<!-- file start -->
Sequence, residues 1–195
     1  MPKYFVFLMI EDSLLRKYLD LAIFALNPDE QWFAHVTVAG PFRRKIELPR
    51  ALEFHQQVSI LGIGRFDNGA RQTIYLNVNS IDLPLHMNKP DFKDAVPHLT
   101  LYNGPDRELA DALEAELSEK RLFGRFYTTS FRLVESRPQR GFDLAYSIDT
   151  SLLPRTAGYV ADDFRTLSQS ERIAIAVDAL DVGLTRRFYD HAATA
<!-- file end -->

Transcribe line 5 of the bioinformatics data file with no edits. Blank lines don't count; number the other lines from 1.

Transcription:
   151  SLLPRTAGYV ADDFRTLSQS ERIAIAVDAL DVGLTRRFYD HAATA